Placing Infant for adoption
The Child and Family Agency, Tusla, is committed to providing the highest possible standards in our adoption services with the best interests of children as the first and paramount objective. Accordingly, the purpose of this document is to set out the policy and procedure for the placing of children for adoption by their birth parents/ legal guardians underpinned by the Adoption Acts 2010 - 2017 and the Child Care Acts 1991-1995.
The Child and Family Agency, Tusla has statutory powers under the Child Care Act 1991, Adoption Act 2010, and the Adoption Amendment Act 2017 to place children for adoption in certain circumstances. (It should be noted that under Section 125 of the Adoption Act 2010 only Tusla or an accredited body can legally place a child for adoption).
Section 6 of the Child Care Act 1991 Section 6 (3) A health board may take a child into its care with a view to his adoption and may maintain him in such care in accordance with the provisions of this Act until he is placed for adoption.
Adoption Act 2010 Section 15 (1) set out the care of the child pending placement. Whilst the Adoption Act 2010 Section 15 allows for the placement of children in care for the purpose of adoption, Tusla relies on Section 4 of the Child Care Act 1991 further to Section 6 of the same Act, in monitoring such placements as this provides for more safeguards such as the 1995 Placement of Children in Foster Care Regulations and the National Standards for Foster Care 2003.
As the birth mother has automatic guardianship of the infant and is requesting adoption for her child her rights are set out in Section 14 of the Adoption Act. Notwithstanding her right to be counselled regarding the adoption of her child, the birth father also has rights. Accordingly, birth fathers’ rights to be consulted are addressed in Part 3, Chapter 2 of the Adoption Act 2010, Sections 17 and 18.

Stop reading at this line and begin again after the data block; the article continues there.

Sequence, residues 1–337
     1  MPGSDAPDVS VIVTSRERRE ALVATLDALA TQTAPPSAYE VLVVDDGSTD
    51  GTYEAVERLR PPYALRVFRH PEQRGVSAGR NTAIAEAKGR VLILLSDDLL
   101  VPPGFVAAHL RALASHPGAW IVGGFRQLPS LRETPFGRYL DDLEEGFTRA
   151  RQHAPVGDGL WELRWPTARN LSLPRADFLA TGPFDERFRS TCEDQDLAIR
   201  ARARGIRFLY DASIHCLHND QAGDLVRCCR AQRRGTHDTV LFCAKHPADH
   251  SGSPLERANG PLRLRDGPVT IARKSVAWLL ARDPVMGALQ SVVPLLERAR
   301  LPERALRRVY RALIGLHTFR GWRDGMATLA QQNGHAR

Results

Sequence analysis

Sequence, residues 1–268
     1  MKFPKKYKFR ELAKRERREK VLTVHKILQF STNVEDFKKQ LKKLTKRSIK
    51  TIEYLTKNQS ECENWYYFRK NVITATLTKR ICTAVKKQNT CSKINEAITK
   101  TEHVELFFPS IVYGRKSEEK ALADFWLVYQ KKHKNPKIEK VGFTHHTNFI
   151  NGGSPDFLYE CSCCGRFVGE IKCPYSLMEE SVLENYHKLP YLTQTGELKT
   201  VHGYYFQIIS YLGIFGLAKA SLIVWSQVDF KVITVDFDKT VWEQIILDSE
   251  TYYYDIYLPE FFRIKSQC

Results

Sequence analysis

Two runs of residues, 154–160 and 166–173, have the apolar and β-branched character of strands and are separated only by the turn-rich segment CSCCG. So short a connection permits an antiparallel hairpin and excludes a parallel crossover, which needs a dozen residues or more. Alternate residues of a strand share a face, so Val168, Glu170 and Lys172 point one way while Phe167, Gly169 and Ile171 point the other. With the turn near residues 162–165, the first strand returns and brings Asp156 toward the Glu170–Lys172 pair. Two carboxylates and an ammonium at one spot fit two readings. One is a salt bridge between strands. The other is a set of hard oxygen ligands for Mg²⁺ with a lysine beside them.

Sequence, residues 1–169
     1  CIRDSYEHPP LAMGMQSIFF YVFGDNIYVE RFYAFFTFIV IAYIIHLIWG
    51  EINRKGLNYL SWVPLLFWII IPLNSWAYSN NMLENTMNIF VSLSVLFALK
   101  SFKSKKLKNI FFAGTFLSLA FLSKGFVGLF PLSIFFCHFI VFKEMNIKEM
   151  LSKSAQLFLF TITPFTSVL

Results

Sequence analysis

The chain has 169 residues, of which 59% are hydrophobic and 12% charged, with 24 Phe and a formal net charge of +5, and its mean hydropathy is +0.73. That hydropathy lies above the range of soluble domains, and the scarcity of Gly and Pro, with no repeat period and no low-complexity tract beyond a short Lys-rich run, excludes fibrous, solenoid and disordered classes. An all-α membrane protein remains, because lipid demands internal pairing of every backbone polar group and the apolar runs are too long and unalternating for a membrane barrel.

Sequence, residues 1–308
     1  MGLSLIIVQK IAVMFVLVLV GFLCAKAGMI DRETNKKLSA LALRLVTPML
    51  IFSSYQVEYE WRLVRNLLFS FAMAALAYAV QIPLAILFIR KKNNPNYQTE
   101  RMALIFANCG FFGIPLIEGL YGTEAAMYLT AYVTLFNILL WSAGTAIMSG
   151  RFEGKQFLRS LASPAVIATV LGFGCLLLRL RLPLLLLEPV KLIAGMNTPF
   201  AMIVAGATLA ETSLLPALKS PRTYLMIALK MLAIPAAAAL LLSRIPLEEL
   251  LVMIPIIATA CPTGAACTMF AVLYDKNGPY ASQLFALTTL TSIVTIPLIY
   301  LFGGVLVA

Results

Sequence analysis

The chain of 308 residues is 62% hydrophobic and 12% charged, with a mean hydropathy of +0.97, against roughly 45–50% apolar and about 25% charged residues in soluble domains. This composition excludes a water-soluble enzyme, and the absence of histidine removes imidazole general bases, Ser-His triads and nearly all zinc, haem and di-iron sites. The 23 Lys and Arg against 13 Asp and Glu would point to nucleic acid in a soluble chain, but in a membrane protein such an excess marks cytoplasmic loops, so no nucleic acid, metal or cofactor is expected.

The birth fathers’ rights are dependent upon whether he is a legal guardian or not. Fathers who are married to the birth mother are legal guardians. The Amendment to Section 2 of the Guardianship of Infants Act 1964 (4A) sets out the circumstances in which fathers who are not married to the birth mother are considered legal guardians. The circumstances are as follows,
“that the father and mother of the child concerned -
- have not married each other, and
- have been co-habitants for not less than 12 consecutive months occurring after the date on which this subsection comes into operation (January 2016), which shall include a period, occurring at any time after the birth of the child, of not less than three consecutive months during which both the mother and father have lived with the child.”
As per Section 16 (1) A request is made in every case to the AAI seeking a copy of any notice (F4) received by the child’s birth father detailing his wishes to be consulted before consideration is given to the next steps.
Infant adoption process
- Referrals from birth mother, hospital
- Voluntary consent for the admission to care for the purpose of adoption
- Consultation in adoption with guardians
- Matching the infant with prospective adoptive parents
- Transitioning the infant from pre adoptive foster care to their adoptive parents
- Post placements, monitoring, and visits
It must be noted that while a number of babies are placed for adoption each year in many cases the child is returned to the mother and/or the child’s family.
Granting the order
In accordance with the Adoption Act 2010 Section 13, which states — An accredited body shall not place a child for adoption unless—
(a) the child has attained the age of 6 weeks,
(b) it does so only for adoption purposes under this Act, and
The Adoption Authority approved the placement of the child with their prospective adoptive parents once the matching process has been completed. Once placed, the child will be subject to two placement reports and if satisfactory in addition to the final consent of the guardian being signed an order will be granted by the Authority.